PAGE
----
From 91db7ef7941c12b4251301da246da1b0d4eebf44 Mon Sep 17 00:00:00 2001
From: Thomas Planche
Date: Fri, 15 Sep 2017 12:08:56 -0700
Subject: [PATCH] working on the report
---
DIPOLE/1_FIT_DIPOLE.in | 24 +++++++++---------
report/report.tex | 55 +++++++++++++++++++++++++++++++++++++++---
2 files changed, 63 insertions(+), 16 deletions(-)
diff --git a/DIPOLE/1_FIT_DIPOLE.in b/DIPOLE/1_FIT_DIPOLE.in
index b2d3c25..9da9ec7 100644
--- a/DIPOLE/1_FIT_DIPOLE.in
+++ b/DIPOLE/1_FIT_DIPOLE.in
@@ -1,21 +1,19 @@
**HRS FIT DIPOLE
-!!Simplest HRS (i.e. magnifying section quads OFF) but only up to the center of the first dipole;
-!!the purpose here is to fit dipole position and strength to get the righ beam position and angle in the center of the dipole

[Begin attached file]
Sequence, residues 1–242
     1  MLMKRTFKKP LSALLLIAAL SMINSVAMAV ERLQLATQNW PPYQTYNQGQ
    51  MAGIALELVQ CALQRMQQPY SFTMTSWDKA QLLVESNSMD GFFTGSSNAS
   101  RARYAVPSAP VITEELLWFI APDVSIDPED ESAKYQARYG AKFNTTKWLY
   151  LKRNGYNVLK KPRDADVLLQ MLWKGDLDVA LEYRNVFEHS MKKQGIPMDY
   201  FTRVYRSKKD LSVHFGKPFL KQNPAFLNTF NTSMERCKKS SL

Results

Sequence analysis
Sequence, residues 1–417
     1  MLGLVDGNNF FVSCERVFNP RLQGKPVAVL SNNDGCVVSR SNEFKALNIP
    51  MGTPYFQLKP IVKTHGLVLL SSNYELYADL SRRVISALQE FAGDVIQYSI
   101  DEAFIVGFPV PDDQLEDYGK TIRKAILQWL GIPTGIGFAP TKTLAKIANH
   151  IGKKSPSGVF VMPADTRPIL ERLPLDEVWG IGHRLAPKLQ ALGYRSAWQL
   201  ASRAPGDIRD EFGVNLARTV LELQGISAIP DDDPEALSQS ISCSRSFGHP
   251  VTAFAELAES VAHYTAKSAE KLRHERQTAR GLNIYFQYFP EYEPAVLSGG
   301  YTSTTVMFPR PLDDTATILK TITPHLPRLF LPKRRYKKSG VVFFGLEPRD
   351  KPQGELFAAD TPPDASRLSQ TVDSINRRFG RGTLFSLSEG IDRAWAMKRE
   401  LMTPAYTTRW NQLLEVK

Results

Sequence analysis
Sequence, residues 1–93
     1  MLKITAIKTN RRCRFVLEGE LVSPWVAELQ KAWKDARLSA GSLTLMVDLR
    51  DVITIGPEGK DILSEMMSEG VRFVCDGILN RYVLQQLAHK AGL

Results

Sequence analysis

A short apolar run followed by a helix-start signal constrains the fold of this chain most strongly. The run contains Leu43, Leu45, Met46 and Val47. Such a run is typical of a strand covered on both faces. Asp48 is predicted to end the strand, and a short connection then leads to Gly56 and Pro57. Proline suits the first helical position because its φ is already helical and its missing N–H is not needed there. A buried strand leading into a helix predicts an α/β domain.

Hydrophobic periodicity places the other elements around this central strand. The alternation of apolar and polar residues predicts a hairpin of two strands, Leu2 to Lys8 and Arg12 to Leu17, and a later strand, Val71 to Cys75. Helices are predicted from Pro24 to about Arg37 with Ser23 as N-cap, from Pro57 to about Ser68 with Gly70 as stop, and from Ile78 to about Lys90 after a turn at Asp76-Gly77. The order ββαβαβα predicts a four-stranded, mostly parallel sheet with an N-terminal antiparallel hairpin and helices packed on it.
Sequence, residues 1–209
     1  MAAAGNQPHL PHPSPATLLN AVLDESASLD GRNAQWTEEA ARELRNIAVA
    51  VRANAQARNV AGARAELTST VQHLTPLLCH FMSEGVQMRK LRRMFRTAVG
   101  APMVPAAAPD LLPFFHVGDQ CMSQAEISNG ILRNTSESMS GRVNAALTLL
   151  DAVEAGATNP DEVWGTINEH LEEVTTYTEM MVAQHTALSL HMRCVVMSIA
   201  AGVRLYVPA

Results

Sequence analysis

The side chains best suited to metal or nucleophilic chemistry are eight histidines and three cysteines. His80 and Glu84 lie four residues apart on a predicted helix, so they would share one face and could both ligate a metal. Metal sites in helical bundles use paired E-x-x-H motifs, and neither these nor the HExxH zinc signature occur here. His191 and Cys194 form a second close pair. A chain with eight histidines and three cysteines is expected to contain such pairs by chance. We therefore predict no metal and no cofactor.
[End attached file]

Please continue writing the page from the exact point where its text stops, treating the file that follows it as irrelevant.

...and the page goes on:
- 'OBJET' 1
-546.198 !60 keV U1+ = 546.198
-2 !2: All the initial coordinates must be entered explicitly
+'OBJET'
+544.12 !BORO: Brho of 60 keV 238U+ = 544.12 kG.cm
+2 !KOBJ=2: initial coordinates must be entered explicitly
1 1 !total number of particles; number of distinct momenta
-0. 0. 0. 0. 0. 1. ’o’ !Y; T; Z; P; S; D; 'marker'
+0. 0. 0. 0. 0. 1. 'o' !Y; T; Z; P; S; D; 'marker'. Note: Brho=BORO*D
1 !1 or -9 (-9 disables the tracking of this particle)
- 'DRIFT' 2
+'DRIFT'
80.0 !80 cm long drift
- 'CHANGREF' 3
+'CHANGREF'
YS -120.0 ZR 20. !shift the optical axis by 120 cm (the reference radius of the dipole); then rotate around the vertical axis by 20 deg (20=AT-W)
- 'DIPOLE' 4
+'DIPOLE'
0 !output flag: 0: no outpot, 2: output trajectory to zgoubi.plt, etc.
65 120. !AT, RM
65 4.6 0. 0. 0. !ACENT;B0; N; B; GX
@@ -33,15 +31,15 @@ YS -120.0 ZR 20. !shift the optical axis by 120 cm (the reference radius
2 0. 0. 0. 0. !KPOS RE[cm]; TE[rad]; RS[cm]; TS[rad]
- 'FIT' 5
+'FIT'
2 !Number of physical parameters to be varied
3 1 0. 0.1 !in element #3 (i.e. CHANGREF); vary parameter #1 (i.e YS); coupling switch OFF=0; relative range +/- 10%